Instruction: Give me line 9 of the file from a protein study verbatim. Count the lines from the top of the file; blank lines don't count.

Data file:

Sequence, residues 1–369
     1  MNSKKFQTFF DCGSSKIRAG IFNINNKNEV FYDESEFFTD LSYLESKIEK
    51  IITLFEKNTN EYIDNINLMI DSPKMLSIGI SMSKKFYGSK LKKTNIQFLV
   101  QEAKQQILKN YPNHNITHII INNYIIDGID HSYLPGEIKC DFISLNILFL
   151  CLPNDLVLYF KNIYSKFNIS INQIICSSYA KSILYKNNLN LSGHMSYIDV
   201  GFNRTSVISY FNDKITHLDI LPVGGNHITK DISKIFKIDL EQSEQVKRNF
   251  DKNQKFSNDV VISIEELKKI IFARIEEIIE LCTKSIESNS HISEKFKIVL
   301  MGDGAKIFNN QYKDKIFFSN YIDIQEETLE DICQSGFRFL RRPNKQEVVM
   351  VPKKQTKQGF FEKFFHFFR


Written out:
   351  VPKKQTKQGF FEKFFHFFR